- The Washington Times - Friday, January 10, 2003

TASHKENT, Uzbekistan, Jan. 10 (UPI) — Uzbekistan has improved its treatment of political dissidents, a freed member of an independent human right group said Friday.

Yuldash Rasulev, a practicing Muslim and member of the Human Rights Society of Uzbekistan, was released from prison last week under an amnesty announced in December.

Last September, Rasulev was sentenced to seven years in prison on charges of attempting to overthrow the constitutional order and distributing extremist literature.

The only evidence given at Rasulev's trial, however, was that he prayed five times a day and had listened to tapes on Islam. He helped people persecuted for their religious beliefs and affiliations.

The New York-based human rights group Human Rights Watch called the trial "politically motivated."

Uzbek President Islam Karimov's government has been tough on practicing Muslims because it fears the country may fall prey to Islamic militancy. International governments and groups have condemned Karimov's policies, however.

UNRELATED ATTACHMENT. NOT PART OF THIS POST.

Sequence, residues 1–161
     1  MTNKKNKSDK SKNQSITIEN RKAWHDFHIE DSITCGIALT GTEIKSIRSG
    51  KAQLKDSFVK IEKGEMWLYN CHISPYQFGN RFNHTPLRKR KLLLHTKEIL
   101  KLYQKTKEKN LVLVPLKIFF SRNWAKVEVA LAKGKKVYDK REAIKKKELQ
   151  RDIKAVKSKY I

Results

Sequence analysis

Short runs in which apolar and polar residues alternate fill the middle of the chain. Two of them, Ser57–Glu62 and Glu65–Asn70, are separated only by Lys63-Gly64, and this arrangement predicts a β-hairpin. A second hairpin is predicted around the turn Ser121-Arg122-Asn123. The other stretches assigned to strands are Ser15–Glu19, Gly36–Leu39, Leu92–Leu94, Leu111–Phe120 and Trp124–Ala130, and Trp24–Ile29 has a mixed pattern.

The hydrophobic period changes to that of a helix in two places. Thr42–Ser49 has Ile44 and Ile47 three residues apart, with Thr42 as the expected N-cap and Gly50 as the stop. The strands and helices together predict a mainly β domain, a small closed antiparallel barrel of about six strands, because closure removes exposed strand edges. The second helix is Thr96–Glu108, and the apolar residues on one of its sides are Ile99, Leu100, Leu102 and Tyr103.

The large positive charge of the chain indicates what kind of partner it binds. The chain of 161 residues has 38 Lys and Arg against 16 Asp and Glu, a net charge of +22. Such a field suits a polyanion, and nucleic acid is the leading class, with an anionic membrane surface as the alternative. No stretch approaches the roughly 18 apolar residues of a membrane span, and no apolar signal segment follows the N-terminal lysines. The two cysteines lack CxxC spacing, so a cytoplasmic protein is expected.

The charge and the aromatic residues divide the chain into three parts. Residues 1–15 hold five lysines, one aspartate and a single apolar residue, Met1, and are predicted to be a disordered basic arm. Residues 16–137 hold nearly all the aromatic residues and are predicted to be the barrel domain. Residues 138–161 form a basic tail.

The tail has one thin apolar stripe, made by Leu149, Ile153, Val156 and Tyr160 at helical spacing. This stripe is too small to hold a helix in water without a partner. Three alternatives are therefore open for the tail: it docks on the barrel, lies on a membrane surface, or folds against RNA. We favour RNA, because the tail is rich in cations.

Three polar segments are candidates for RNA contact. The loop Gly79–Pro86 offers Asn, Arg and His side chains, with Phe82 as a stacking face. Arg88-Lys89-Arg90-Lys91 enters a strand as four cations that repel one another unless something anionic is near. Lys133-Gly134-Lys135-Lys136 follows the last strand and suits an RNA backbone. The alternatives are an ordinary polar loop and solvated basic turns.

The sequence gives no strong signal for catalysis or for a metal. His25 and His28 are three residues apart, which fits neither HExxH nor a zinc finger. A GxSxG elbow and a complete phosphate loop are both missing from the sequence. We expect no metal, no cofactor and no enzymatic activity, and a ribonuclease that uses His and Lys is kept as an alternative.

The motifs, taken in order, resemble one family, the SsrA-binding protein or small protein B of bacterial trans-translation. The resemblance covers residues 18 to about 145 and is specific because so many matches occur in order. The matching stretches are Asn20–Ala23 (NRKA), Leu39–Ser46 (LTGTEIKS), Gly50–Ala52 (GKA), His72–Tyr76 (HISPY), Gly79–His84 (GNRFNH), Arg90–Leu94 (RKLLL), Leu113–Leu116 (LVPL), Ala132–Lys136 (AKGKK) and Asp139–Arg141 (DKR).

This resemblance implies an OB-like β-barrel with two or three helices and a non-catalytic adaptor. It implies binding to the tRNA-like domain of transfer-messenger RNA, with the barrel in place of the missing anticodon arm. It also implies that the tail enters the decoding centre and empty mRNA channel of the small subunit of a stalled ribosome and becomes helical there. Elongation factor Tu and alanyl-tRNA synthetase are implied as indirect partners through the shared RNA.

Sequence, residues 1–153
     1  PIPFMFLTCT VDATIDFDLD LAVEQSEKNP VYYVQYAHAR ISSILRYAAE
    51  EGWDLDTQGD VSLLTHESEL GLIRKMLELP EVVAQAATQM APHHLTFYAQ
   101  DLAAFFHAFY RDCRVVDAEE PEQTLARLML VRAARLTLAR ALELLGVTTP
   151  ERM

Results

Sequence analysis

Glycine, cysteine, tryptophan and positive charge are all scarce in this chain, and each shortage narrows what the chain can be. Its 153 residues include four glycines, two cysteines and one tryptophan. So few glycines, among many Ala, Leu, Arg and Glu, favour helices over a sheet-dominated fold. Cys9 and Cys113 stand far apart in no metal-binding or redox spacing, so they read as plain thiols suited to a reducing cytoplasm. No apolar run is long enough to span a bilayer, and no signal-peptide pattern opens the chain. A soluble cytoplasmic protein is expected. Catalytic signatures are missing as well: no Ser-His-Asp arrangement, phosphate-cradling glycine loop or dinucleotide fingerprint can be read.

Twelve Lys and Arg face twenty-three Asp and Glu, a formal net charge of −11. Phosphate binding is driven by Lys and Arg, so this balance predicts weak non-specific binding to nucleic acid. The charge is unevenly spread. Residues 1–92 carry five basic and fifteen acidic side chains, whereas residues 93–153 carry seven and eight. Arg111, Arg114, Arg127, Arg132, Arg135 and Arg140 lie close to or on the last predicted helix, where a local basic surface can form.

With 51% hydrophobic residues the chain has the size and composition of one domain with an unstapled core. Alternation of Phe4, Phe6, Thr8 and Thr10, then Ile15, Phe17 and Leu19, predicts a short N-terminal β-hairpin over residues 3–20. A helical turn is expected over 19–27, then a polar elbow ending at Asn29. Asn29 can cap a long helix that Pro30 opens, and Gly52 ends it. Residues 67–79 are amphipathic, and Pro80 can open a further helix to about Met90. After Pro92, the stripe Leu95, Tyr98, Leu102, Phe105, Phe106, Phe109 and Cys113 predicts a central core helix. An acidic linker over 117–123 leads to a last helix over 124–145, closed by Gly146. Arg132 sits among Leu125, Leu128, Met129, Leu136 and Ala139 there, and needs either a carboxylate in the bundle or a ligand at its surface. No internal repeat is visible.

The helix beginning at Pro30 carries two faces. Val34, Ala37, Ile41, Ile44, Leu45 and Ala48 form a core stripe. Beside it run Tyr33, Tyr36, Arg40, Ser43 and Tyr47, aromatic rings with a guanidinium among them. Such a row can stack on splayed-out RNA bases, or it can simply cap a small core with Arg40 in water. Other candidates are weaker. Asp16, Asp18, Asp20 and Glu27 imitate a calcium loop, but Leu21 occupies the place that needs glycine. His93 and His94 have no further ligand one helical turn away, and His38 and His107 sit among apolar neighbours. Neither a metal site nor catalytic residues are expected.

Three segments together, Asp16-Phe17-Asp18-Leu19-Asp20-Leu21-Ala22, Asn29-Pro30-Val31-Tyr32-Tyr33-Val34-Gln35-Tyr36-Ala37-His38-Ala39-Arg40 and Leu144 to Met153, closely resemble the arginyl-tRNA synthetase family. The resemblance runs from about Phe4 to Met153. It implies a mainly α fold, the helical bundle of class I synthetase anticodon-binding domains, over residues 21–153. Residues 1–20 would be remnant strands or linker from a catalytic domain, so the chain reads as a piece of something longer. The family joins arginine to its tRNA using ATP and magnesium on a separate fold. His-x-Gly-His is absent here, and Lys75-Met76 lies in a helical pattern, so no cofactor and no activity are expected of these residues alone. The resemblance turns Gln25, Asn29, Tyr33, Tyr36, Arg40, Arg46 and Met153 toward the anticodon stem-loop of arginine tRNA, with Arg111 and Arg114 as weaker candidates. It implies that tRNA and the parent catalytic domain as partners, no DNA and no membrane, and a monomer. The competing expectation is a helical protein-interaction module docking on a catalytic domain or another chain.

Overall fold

Repression of unauthorized Islamic groups in Uzbekistan began after five car bomb attacks in Tashkent in February 1999 that killed 16 people and wounded more than 100 others. The Islamic Movement of Uzbekistan, which is on the U.S. list of foreign terrorist organizations, was blamed.

The Uzbek government views members of the Hizb ut-Tahrir and Wahhabist organizations as potential terrorists and as an ideological breeding ground for terrorists.

After his release last week, Rasulev described life inside his penitentiary in the western Navoi province. He said the use of torture by jailers had stopped, food and medical treatment had become better, and jailers were more polite.

The penitentiary holds 4,500 convicts, including political prisoners.

Talib Yakubov, chairman of the HRSU, told United Press International the visit by top U.N. human rights officials to the country had brought about some of the positive changes.

"The visit of the special rapporteur of the U.N. Commission on Human Rights on the question of torture, Theo van Boven, to Uzbekistan and his inspection of some penitentiaries have initiated some real changes in the penitentiary system of Uzbekistan's Ministry of Internal Affairs," he said.

Uzbekistan is a key U.S. ally in the war on terrorism, but Washington has criticized its policies against dissident groups.

Last November, Lorne Craner, U.S. assistant secretary of State for Democracy, Human Rights and Labor, said U.S. relations with Uzbekistan could be "unlimited," but depended on Tashkent's human rights record.

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